Between August and November 1914, sixteen Heart of Midlothian Football Club players enlisted to fight in World War I. In doing so, they became the first British team to sign up en masse. The majority joined the 16th (Service) Battalion of the Royal Scots, otherwise known as McCrae's Battalion. On the first day of the Battle of the Somme in 1916, the British Army lost nearly 20,000 men, including three of Hearts footballers who had signed up. The war ended up claiming the lives of seven of the Hearts players who had enlisted, with several others returning so severely wounded they were unable to play football again.
A memorial was erected in Edinburgh in 1922 to honour these men and the many others who fought in the two World Wars. It is presently situated in the Haymarket, near the offices where the main batch of players enlisted.
Hearts began the 1914–15 season with eight straight victories, including a 2–0 defeat of reigning champions Celtic. However, Britain had declared war on Germany in August 1914 and an ongoing public debate took place as to whether it was appropriate for professional football to continue while young soldiers were dying on the front line. The matter was debated in Parliament and a motion was placed before the Scottish Football Association (SFA) to postpone the season, with one of its backers, Airdrieonians chairman Thomas Forsyth declaring that "playing football while our men are fighting is repugnant". While this motion was defeated at the ballot box, with the SFA opting to wait for War Office advice, the noted East London philanthropist Frederick Charrington was orchestrating a public campaign to have professional football in Britain suspended, and achieving great popular support for his cause. The prime tactic of Charrington's campaign was to shame football players and officials into action through public and private denouncement. Letters were sent in to newspapers; the Edinburgh Evening News published one signed "A soldier's daughter", which suggested that "while Hearts continue to play football, enabled thus to pursue their peaceful play by the sacrifice of the lives of thousands of their countrymen, they might accept, temporarily, a nom de plume, say 'The White Feathers of Midlothian.'"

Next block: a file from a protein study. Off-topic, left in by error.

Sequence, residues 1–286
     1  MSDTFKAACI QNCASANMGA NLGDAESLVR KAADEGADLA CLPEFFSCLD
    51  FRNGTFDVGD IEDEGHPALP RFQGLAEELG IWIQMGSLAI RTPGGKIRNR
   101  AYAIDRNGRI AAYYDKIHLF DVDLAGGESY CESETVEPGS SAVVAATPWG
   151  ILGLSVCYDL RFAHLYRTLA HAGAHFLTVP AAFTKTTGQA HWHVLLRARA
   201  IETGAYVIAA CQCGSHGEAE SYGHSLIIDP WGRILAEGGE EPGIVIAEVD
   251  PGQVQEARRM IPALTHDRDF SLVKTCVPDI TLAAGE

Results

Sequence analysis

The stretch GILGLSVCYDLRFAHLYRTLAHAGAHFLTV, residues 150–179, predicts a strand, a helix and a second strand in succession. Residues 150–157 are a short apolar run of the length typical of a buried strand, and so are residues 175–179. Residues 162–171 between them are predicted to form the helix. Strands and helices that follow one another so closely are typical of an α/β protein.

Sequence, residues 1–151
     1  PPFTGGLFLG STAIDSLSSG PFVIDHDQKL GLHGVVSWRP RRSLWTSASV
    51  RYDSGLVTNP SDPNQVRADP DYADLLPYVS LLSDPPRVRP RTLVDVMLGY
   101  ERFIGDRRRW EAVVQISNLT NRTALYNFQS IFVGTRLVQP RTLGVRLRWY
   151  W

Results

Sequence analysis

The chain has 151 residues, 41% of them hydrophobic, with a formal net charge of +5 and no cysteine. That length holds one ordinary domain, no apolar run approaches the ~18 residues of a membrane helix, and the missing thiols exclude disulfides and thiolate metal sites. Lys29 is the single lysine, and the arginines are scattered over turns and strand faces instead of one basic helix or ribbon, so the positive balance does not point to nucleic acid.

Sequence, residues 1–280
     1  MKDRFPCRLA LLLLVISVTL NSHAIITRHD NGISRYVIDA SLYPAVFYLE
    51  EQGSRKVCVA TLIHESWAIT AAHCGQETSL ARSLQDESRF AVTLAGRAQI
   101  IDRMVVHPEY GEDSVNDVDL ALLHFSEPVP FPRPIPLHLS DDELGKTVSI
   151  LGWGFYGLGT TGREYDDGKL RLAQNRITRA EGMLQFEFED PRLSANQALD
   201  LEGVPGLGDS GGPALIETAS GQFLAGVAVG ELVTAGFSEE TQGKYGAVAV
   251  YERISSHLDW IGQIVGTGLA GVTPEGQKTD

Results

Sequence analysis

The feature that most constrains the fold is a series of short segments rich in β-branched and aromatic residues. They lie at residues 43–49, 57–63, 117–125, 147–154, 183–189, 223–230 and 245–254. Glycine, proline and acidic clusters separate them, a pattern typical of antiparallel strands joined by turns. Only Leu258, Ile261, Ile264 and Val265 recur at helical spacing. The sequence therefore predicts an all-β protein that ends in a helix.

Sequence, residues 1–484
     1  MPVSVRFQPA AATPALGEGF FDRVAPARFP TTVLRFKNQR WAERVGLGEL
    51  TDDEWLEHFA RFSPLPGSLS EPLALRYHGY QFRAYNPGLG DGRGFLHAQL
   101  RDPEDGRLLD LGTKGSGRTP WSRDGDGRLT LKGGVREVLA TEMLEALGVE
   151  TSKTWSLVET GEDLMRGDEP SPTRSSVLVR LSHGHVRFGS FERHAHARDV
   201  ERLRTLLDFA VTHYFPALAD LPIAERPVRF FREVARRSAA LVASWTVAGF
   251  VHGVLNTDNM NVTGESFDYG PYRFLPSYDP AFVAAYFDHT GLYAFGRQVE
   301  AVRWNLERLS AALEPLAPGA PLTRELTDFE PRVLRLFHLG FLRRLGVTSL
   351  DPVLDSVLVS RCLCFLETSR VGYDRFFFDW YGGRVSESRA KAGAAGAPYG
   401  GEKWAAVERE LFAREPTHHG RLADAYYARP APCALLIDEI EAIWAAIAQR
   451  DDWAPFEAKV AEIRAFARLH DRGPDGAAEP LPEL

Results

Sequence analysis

Hearts, however, had already made active efforts to aid the war effort. Two players enlisted before a ball was even kicked in the season. On 16 August 1914, former Hearts director Harry Rawson, chairman of the Edinburgh Territorial Force Association, asked manager John McCartney if the club would use its influence to encourage recruiting. McCartney agreed to allow the authorities access to Tynecastle on match days in order to canvass for volunteers. On 20 August, it was announced that the entire playing staff would take part in weekly drill sessions to prepare them for the possibility of military service. The invitation was also extended to the players of rivals Hibernian to join in, several of whom accepted. On 14 November, the Queen's Own Cameron Highlanders made an urgent appeal for volunteers at half time in match at Tynecastle against Falkirk. The initial response was disappointing, but at full-time several men stepped forward, including Hearts' winger James Speedie.
In response to increasing appeals for volunteers, Sir George McCrae, a popular figure in Edinburgh, announced in November 1914 that he would raise a battalion himself - the 16th Royal Scots - and he boasted it would be full within seven days. At this time, Hearts comfortably led the First Division, but 11 of their players (in addition to the three players already serving) enlisted en-masse on 25 November 2014, with a further five being declared unfit to serve. The following day, a further two players signed up, bringing the total up to 16 Hearts footballers enlisted in the services. 'McCrae's Battalion', as it came to be known, was the original sportsman's battalion. At least 30 professional footballers enlisted, including players from Hibernian, Raith Rovers, Falkirk and Dunfermline, as well as Hearts. The battalion was to become the 16th Royal Scots and was the first to earn the "footballer's battalion" sobriquet. The group of volunteers also contained some 500 Hearts supporters and ticket-holders, as well as 150 of Hibernian's followers.